Only 2% of Indian Engineers are ready for new-age jobs

Did you know that only 60% of India’s faculty do not discuss how engineering concepts apply to industry? Did you know that only 40% of engineering students in India perform internships? And, only 36% undertake projects outside their assigned coursework, revealed a survey report by Aspiring Minds. The 2019 employability survey talks about the skill gap engineering students face and offers solutions.

The Annual Employability Survey 2019 report released by Aspiring Minds reveals that “80% Indian engineers are not fit for any job in the knowledge economy.” According to the report, only 2.5% of them possess industry relevant tech skills such as Artificial Intelligence (AI), Machine Learning, Data Science and Mobile Development.

The findings are based on data collected from 1,70,000 students from across 750 plus colleges in India. For the first time, the employability report includes comparitive data with inputs from engineers in the US and China. 

The 2019 survey states that only a handful of Indian engineers possess coding expertise. “Good coding skills are possessed by 4.6% of Indian job applicants.” It says that Indian engineers can code correctly compared to their Chinese counterparts (2.1%) but lag behind American peers (18.8%) who can write codes correctly.

"Engineering is an applied discipline. Engineers learn primarily by doing, not only by reading and listening. Only 40%of engineering students in India perform internships and only 36% undertake projects outside their assigned coursework.” The report emphasises the lack of industry-focussed curriculum and exposure.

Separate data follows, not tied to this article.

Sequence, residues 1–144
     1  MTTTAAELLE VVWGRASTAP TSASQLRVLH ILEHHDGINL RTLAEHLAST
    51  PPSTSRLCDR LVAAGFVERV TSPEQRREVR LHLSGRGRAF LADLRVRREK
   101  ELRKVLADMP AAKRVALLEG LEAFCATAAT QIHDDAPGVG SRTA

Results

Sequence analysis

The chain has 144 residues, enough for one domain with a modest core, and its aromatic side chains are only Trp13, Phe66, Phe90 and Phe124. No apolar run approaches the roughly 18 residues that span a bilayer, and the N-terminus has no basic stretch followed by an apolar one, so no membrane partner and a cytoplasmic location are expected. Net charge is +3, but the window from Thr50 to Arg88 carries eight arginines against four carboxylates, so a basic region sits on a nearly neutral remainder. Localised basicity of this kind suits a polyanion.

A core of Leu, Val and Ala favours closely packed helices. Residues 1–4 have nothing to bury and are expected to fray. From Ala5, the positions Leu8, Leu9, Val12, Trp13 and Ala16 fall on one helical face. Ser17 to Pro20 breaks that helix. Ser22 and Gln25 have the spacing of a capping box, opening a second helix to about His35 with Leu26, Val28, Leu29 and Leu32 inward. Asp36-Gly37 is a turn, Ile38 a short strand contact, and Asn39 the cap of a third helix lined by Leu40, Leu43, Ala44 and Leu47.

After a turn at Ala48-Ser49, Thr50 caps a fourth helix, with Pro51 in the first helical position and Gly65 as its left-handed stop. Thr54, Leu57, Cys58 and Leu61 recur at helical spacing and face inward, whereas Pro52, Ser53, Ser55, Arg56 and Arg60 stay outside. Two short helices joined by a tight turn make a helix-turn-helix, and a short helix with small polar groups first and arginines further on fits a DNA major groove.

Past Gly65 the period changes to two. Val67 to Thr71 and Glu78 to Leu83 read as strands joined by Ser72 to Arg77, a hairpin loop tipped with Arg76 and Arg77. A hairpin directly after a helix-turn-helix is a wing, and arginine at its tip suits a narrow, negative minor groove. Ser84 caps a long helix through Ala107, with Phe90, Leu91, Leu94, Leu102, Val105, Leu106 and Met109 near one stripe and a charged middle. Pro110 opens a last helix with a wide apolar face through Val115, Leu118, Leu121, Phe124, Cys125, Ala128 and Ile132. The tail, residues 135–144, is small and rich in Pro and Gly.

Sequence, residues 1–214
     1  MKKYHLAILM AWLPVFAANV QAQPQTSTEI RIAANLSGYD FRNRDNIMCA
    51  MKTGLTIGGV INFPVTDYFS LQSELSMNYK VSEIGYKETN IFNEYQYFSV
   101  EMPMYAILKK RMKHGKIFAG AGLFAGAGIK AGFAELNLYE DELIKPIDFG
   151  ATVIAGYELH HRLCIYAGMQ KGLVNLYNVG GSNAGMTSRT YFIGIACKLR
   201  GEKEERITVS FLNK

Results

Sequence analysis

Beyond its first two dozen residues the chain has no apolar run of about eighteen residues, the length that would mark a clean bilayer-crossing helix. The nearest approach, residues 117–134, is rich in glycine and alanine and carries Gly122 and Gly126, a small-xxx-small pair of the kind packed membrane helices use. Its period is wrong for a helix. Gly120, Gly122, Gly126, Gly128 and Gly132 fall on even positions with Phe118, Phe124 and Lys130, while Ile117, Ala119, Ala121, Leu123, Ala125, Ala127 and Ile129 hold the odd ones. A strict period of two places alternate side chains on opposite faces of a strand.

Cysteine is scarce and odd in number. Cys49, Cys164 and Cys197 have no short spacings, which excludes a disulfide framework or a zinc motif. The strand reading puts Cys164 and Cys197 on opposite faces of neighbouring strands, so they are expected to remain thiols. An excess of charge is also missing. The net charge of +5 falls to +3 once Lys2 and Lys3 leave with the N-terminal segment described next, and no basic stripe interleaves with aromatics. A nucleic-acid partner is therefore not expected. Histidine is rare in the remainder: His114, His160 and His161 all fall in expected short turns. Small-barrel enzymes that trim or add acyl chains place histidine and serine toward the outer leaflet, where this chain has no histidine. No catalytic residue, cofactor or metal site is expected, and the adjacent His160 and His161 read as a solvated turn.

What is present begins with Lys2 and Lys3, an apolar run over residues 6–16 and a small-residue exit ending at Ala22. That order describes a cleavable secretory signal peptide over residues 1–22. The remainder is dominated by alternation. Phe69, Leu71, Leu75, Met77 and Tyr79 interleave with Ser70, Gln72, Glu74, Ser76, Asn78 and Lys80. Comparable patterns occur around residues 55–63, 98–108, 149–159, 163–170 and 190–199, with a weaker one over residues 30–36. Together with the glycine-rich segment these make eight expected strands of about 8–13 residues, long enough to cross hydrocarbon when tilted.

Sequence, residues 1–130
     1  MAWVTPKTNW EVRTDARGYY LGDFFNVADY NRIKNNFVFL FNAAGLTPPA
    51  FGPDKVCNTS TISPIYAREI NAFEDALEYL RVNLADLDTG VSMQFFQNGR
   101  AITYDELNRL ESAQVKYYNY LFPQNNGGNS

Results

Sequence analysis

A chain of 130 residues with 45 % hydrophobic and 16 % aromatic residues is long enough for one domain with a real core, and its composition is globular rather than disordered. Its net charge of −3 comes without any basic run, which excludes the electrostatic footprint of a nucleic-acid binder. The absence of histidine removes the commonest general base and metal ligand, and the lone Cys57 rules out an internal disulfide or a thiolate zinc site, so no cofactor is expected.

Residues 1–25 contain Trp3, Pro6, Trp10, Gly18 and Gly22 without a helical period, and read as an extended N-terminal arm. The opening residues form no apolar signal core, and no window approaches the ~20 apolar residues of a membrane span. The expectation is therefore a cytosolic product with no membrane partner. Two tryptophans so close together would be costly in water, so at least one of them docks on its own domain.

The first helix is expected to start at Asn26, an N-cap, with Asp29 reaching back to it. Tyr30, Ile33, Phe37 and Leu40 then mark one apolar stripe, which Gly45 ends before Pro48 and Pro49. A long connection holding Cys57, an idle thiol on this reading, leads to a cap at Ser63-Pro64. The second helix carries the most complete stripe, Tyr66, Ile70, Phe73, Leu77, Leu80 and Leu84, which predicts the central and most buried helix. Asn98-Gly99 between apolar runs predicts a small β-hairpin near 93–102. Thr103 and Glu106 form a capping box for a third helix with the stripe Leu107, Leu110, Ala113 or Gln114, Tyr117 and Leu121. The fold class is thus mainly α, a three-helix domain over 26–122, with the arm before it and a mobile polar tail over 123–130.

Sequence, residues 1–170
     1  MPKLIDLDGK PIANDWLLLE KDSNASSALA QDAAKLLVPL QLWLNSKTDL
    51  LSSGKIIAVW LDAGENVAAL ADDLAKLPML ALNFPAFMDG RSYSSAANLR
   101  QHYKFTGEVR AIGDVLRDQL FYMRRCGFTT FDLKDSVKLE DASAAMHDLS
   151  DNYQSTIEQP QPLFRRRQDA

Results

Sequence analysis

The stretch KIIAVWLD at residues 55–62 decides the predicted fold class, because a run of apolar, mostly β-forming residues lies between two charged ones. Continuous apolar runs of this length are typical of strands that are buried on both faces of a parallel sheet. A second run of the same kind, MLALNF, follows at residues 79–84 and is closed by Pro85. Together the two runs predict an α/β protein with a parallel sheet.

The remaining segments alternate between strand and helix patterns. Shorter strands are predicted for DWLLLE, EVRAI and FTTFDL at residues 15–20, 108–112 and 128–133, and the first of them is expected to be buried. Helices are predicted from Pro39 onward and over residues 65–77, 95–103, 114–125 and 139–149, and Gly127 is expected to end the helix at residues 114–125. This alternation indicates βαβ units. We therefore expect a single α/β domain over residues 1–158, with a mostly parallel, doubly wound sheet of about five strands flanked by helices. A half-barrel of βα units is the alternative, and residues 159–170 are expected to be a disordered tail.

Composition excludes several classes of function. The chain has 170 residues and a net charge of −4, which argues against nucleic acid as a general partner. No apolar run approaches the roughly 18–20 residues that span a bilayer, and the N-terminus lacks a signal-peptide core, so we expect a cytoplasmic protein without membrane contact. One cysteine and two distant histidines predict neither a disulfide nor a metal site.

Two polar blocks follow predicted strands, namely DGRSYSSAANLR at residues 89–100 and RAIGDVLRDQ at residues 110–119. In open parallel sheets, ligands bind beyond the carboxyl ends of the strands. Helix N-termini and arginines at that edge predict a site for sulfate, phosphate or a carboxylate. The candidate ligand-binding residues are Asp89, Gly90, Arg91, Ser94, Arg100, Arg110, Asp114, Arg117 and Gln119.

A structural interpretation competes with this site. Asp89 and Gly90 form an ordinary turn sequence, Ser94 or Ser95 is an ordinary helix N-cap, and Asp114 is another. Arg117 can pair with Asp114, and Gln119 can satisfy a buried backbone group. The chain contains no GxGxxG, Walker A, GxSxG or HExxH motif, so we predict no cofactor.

“Students are trapped in a college bubble. Nearly 60% percent of faculty do not discuss how engineering concepts apply to industry. Only 47% of students report the opportunity to attend a talk by industry personnel during their college career. Most talks that students attend are intra-departmental, rather than seminars, workshops, conferences or webinars that typically feature outside experts and scholars who present complementary or alternative perspectives.” 

Engineering students in India further struggle during their placements. According to the survey, approximately 40% of students reported that their primary challenge is finding the right company or the most suitable job profile to apply. 

Their second challenge was to secure and pass an interview. “Our students need counselling to understand the kinds of jobs that are available; how to determine which job profiles match their interests and skills; the skill gaps that may disqualify them; and how to address those skill gaps,” the report suggests.

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